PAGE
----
food insecurity

Grocery cart
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When we talk in Michigan about "food insecurity" and "food deserts", it's usually about Detroit, Flint and cities battling poverty.

But there is another region where access to healthy, fresh food is a constant challenge: the Upper Peninsula.

Take Alger County. It has been classified by the U.S. Department of Agriculture as a "low income, low access community." That means people have to drive at least ten miles to get to a fully stocked grocery store.

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The Livingston County chapter of the Salvation Army is out of food.

Brighton Ford is organizing an emergency food drive called "Fill-A-Ford Full of Food" Saturday with the goal of restocking the food pantry of the Salvation Army. It will run from 9 a.m.-3 p.m. at Brighton VG's Fresh Market.

In recent weeks the food pantry was pulling money from a summer children's fund to purchase food from Gleaners Community Food Bank of Southeast Michigan, according to Karen Swieczkowski, community relations director at Brighton Ford. Brighton Ford is spearheading tomorrow's food drive.

http://www.snre.umich.edu

The challenge of food insecurity is a fact of life for some 50 million Americans.

Researchers at the University of Michigan School of Natural Resources and Environment are taking part in a major study to probe the causes and solutions to food insecurity in Michigan.

In short, their research will look into how to link up the people who are not getting enough fresh healthy food, to the producers and the sources of that safe healthy food.

University of Michigan Professor Dorceta Taylor is one of the lead investigators. She is a professor of Environmental Justice at the School of Natural Resources and Environment and she was kind enough to tell us about the issue of food security.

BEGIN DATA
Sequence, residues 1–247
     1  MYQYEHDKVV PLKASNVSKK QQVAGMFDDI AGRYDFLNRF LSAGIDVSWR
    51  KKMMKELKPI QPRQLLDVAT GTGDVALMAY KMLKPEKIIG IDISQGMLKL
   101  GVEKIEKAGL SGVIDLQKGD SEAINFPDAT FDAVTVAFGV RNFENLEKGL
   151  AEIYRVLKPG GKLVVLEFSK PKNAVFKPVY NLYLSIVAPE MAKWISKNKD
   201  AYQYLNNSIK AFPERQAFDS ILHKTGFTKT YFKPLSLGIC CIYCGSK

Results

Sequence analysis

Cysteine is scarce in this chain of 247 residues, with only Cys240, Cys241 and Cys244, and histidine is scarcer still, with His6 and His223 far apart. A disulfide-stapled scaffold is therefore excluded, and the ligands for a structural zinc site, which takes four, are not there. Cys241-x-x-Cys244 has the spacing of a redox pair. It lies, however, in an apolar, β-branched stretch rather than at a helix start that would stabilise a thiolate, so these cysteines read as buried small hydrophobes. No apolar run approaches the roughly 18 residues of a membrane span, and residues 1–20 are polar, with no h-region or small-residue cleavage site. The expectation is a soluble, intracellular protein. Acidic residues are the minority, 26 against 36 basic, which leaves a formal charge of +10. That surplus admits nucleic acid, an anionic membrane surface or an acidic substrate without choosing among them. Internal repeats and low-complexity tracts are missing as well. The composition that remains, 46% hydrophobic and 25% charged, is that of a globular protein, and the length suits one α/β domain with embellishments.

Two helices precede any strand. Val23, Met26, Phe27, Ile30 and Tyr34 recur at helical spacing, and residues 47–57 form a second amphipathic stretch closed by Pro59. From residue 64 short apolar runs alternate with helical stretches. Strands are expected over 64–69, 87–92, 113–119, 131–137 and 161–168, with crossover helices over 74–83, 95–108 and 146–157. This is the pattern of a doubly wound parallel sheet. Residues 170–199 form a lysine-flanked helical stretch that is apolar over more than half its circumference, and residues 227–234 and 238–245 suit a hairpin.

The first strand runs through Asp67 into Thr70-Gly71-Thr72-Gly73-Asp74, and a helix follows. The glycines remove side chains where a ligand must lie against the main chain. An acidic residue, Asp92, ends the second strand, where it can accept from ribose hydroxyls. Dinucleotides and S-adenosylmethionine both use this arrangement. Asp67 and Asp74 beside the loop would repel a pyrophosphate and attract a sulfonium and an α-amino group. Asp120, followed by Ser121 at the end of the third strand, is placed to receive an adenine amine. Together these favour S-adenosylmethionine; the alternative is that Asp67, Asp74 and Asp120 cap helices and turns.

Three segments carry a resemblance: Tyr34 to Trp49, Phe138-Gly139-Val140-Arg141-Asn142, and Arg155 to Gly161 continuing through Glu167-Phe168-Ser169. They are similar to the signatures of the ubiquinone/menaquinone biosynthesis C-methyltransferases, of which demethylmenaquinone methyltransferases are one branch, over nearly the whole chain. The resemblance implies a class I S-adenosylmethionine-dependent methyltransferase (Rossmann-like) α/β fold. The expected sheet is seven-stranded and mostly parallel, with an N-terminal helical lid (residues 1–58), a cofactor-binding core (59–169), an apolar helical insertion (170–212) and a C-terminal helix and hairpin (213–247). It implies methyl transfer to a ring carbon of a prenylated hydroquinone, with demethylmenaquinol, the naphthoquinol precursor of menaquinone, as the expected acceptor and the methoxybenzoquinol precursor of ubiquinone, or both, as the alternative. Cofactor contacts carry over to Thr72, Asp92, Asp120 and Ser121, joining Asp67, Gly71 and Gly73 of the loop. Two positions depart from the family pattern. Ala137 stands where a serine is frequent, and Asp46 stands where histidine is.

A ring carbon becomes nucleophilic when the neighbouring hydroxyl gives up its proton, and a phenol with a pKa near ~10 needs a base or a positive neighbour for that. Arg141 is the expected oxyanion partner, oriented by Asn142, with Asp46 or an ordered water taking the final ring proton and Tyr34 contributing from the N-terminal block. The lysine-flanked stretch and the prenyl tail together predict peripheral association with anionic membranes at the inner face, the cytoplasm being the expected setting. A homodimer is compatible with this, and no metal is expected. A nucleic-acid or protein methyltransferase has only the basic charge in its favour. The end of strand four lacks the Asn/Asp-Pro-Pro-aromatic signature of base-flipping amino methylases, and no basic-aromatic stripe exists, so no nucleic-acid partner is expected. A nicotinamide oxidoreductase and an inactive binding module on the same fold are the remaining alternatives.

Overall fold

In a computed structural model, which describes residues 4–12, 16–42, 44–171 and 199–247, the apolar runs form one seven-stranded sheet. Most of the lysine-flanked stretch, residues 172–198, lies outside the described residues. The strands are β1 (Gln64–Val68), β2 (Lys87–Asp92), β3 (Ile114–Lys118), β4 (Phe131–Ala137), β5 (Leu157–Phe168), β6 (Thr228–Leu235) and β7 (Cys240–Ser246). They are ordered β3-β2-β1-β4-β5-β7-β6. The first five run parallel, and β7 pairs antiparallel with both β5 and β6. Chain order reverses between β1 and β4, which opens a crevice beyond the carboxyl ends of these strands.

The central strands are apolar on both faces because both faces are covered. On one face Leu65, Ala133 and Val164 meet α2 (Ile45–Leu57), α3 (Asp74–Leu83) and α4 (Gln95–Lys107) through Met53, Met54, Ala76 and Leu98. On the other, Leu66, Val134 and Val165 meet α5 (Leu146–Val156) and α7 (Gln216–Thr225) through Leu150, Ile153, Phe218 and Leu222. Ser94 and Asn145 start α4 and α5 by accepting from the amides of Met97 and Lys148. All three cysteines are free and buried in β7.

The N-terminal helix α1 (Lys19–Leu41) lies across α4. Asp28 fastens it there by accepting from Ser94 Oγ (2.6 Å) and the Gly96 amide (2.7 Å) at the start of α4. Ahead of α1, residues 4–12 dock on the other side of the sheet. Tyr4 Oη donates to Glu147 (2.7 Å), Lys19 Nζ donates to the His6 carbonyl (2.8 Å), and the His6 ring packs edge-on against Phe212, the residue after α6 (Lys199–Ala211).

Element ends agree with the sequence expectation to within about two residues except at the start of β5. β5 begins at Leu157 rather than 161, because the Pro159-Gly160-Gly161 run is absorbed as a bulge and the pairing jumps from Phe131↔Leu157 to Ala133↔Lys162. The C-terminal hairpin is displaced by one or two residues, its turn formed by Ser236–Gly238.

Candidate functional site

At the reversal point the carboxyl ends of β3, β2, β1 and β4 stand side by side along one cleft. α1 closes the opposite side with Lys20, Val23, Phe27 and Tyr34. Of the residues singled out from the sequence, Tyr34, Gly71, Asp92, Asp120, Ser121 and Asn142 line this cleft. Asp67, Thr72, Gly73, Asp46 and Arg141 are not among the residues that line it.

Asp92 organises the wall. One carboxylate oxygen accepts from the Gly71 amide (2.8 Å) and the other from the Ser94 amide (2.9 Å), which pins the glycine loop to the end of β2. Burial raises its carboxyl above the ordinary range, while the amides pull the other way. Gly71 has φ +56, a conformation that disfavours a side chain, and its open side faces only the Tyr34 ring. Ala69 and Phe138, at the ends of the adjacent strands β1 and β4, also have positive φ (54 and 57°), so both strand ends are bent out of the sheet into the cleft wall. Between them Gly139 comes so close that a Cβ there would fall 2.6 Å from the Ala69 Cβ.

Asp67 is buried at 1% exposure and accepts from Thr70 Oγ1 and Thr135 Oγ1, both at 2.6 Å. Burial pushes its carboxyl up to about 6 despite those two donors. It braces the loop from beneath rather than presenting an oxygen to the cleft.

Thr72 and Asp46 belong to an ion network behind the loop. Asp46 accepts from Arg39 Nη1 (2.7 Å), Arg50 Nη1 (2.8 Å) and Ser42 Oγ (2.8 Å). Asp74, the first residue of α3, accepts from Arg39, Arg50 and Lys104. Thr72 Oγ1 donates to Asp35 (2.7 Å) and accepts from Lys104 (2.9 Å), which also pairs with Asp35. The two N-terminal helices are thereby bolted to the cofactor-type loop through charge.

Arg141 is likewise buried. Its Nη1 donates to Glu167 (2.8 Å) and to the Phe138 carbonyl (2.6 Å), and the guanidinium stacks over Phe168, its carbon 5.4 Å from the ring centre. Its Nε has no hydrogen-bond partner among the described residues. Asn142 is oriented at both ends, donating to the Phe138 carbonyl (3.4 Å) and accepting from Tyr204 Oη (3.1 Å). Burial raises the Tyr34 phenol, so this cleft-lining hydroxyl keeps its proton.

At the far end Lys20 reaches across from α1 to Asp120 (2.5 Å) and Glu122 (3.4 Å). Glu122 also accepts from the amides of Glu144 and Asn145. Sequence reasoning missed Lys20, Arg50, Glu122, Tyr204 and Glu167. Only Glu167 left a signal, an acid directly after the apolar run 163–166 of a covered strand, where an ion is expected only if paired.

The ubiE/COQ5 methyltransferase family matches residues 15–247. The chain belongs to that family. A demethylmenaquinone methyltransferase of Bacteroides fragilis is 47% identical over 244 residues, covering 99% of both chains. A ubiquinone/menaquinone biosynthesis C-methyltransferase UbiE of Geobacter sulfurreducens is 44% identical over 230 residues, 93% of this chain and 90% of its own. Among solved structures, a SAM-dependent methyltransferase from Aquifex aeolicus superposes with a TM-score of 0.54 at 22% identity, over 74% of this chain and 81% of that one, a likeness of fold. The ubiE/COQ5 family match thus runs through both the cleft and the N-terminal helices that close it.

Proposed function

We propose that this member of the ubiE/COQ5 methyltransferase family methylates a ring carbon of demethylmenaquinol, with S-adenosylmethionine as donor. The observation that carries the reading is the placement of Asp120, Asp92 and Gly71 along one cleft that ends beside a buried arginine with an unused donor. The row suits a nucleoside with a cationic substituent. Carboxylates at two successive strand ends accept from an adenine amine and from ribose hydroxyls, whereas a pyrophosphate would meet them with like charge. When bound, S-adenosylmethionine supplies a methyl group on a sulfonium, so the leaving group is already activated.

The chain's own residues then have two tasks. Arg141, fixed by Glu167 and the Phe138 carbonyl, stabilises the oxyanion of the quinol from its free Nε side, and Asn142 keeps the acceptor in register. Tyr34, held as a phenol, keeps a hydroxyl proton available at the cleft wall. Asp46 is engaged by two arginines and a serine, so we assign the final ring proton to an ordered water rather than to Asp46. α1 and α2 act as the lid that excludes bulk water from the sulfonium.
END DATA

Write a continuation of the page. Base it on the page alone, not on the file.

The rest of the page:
To hear the full story click the audio link above.

Gleaners Food Bank

People on the front lines of food insecurity in suburban Detroit say things are grim: demand is growing as federal and state food programs are cut.

In Macomb County, anti-hunger advocates are overwhelmed with need. The number of people needing emergency food assistance has almost doubled between 2008 and 2010.

John Kastler is with Gleaners Community Food Bank. He said those funds, particularly from the federal government, “really did make it a lot easier to stock the pantries and put food on the table.”

“And when you talk about these programs being cut and the funding disappearing…it really does put people in crisis,” Kastler said.

Sue Figurski, coordinator of the Macomb Food Program, said the state’s recent decision to implement an asset test for food stamp applicants has put even more strain on food pantries--and proved a degrading process for many seeking help.

“Do you think anybody really and truly wants to be on food stamps? Not be able to take care of their family? Not the people we talk to,” Figurski said.

Last month, Macomb County officials started a Food Policy Council to deal with the problem of growing hunger and declining resources.